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Clinico-genetic model to predict methotrexate intolerance in rheumatoid arthritis

Abstract

Introduction

Methotrexate is the gold-standard DMARD in rheumatoid arthritis but is often associated with “mild” adverse effects like intolerance or laboratory abnormalities. Although non-life threatening, they are responsible for drug discontinuation in 17–50%. There is limited data on clinical and genetic markers that predict their occurrence.

Methods

This prospective study enrolled patients with active rheumatoid arthritis. They were started on methotrexate at a weekly dose of 15 mg, escalated gradually to reach 25 mg which was continued till the end of the study. Intolerance (symptomatic adverse effects) was ascertained by a questionnaire at 4, 8, 16, and 24 weeks. Laboratory testing for occurrence of cytopenia and/or transaminitis was done at the same study visits. Seven SNPs in four genes involved in methotrexate handling were genotyped using real-time polymerase chain reaction.

Results

This study included 110 patients with rheumatoid arthritis who received methotrexate for 24 weeks; the final mean weekly methotrexate dose was 22.0 ± 4.0 mg. Methotrexate intolerance occurred in 40 (37%), common being nausea (and vomiting) in 29 and anxiety (and dizziness) in 9. It was associated with lower BMI at baseline (21.5 ± 3.7, 23.8 ± 4.6 kg/m2, p = 0.01). FPGS rs10106 was significantly associated with intolerance with an allelic odds ratio (95% CI) of 2.02 (1.14–3.57) and the recessive genetic model (AA+AG versus GG) with an odds ratio of 3.8 (95% CI 1.5–9.6, p = 0.004). A model including both BMI and FPGS rs10106 could modestly predict methotrexate intolerance with an accuracy of 66.3%.

Conclusions

A clinical-genetic model including BMI and SNP FPGS 10101 was found to have a modest prediction ability for methotrexate intolerance.

Key Points
Methotrexate intolerance (symptomatic adverse effects) was common and occurred in 37% patients over 6 months.
SNP FPGS rs10106 and low body mass index were associated with methotrexate intolerance.
Clinico-genetic model had a modest ability of 66% for predicting intolerance.

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Acknowledgments

Methotrexate tablets were received as an educational grant from Zydus Activa (Zydus Cadilla Inc., Ahmedabad, India). We acknowledge the efforts of Mrs. Nidhi Gupta and Mr. Mohinder Kumar for sample collection. We also acknowledge all technical staff of central sophisticated cell of PGIMER for the use of instruments.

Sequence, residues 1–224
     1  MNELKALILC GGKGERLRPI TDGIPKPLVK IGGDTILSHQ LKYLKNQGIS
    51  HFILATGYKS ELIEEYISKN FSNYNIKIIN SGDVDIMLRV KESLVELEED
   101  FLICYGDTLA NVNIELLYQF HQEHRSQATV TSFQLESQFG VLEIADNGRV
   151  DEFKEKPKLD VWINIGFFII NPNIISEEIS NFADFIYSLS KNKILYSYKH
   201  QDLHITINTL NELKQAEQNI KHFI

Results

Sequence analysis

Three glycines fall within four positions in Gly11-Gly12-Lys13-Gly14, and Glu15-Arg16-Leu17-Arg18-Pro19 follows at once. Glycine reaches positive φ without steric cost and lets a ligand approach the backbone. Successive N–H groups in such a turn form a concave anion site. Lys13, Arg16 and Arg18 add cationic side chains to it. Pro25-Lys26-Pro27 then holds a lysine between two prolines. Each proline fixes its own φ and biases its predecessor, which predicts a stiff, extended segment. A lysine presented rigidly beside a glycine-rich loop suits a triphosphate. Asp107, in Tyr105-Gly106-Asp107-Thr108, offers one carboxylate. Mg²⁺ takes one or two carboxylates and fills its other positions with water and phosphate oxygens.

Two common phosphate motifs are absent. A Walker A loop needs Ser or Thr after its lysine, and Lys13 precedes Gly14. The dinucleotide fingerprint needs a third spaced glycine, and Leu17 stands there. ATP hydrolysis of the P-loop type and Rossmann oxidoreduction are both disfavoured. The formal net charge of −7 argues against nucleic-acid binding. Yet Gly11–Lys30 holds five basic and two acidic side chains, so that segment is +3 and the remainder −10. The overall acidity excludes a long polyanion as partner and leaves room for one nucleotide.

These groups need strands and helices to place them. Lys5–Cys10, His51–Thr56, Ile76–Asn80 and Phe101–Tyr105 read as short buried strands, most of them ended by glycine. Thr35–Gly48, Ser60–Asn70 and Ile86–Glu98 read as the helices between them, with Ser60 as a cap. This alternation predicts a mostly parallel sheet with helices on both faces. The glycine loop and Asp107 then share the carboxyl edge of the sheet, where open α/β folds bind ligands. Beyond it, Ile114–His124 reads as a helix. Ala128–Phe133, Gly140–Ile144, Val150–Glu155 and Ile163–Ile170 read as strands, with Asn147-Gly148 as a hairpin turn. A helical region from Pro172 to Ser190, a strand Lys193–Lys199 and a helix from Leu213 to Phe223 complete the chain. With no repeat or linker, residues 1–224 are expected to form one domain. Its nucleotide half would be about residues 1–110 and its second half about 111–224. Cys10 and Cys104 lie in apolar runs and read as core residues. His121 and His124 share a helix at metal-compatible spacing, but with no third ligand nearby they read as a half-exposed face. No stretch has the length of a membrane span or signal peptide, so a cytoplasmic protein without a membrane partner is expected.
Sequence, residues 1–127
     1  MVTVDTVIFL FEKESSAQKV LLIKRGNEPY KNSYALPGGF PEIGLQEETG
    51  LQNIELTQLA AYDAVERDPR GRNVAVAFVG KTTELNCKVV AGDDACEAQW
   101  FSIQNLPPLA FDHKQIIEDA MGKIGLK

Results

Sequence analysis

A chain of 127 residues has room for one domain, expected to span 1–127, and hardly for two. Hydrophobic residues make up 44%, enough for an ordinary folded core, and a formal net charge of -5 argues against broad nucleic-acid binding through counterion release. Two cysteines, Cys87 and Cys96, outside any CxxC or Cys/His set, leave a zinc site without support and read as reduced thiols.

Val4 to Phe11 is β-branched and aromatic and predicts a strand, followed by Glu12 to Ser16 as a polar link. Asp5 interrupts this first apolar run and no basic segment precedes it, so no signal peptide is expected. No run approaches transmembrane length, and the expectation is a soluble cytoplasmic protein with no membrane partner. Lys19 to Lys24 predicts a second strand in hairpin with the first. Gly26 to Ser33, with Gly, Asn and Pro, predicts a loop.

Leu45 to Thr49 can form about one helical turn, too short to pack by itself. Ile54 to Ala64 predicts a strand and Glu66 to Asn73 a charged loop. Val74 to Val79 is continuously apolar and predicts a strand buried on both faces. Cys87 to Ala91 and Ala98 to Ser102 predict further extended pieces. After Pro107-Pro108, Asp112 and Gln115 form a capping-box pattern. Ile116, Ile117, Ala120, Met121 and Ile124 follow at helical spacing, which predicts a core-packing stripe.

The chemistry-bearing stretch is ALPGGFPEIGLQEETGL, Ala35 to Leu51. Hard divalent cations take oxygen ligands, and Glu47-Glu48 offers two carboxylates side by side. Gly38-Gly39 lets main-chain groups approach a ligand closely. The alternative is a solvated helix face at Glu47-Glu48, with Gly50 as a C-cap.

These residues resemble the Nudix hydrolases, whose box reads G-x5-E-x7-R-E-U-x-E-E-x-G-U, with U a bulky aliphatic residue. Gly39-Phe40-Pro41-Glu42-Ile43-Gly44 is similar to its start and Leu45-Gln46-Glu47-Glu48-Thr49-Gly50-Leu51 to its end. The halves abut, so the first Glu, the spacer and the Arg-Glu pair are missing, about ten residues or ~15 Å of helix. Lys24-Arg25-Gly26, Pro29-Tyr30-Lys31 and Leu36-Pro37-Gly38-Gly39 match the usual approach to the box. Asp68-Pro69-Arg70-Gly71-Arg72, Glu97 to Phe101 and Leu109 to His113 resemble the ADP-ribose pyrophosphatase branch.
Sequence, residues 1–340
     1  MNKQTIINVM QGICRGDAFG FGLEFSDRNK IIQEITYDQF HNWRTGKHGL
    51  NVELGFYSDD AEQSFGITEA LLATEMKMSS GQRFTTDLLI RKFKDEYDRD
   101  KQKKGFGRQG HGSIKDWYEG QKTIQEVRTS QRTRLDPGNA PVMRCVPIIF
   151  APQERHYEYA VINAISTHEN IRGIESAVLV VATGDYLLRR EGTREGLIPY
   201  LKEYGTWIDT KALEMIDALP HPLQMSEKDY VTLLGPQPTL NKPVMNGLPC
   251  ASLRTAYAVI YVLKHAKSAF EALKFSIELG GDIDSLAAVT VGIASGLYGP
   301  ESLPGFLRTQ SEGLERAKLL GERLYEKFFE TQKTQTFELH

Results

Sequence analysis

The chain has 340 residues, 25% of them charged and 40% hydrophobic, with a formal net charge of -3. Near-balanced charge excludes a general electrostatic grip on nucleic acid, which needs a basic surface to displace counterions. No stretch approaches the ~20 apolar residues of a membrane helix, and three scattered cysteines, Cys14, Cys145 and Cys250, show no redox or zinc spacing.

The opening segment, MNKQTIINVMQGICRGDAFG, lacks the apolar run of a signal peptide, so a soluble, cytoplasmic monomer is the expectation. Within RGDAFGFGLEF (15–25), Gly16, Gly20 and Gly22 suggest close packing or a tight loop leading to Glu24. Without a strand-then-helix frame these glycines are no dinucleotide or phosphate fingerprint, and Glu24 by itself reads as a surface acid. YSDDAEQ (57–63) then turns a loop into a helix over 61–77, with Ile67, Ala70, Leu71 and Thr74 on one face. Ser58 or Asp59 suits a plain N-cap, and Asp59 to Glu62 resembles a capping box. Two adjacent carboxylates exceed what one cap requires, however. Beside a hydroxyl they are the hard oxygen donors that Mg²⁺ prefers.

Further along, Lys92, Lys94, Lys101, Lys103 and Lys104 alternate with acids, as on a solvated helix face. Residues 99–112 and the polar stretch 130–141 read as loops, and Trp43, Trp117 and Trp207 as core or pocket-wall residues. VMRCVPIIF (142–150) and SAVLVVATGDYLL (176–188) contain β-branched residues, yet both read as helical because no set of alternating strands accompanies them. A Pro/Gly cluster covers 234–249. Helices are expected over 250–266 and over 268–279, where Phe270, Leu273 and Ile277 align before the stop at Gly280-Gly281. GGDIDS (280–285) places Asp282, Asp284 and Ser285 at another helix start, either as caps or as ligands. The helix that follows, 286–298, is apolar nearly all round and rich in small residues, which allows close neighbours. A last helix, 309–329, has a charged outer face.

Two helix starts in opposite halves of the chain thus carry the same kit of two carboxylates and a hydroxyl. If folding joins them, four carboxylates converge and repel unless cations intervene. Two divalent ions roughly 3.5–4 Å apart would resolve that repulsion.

Funding information

This work was funded by a grant Asia Pacific League of Associations for Rheumatology (APLAR) (gene polymorphisms) and from the Department of Biotechnology, Government of India (Grant#BT/PR4608/MED/30/800/2012) (methotrexate polyglutamate levels). Mr. Amit Sandhu was supported by ICMR through its Junior Research Fellowship scheme. Mr. Shabeer Ahmad was supported through a Junior Research Fellowship from the Department of Science and Technology (DST), Government of India.

Author information

Planning study: VDhir, AS; collecting data: AS, VDhir; laboratory work: AS, VDhir, VDhaw, JK, AB; analysis and writing: AS, VDhir, VDhaw, JK, AB

Correspondence to Varun Dhir.

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Ethics approval and consent to participate

This study was approved by the institutional ethics committee of Post Graduate Institute of Medical Education and Research. All patients gave written informed consent.

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Cite this article

Sandhu, A., Dhir, V., Ahmad, S. et al. Clinico-genetic model to predict methotrexate intolerance in rheumatoid arthritis. Clin Rheumatol 39, 201–206 (2020) doi:10.1007/s10067-019-04770-4

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Keywords

  • ABCB1
  • Folate
  • Folate antagonist
  • FPGS
  • GGH
  • Methotrexate
  • Methotrexate polyglutamate
  • Mutation
  • RFC
  • Rheumatoid arthritis
  • Single nucleotide polymorphism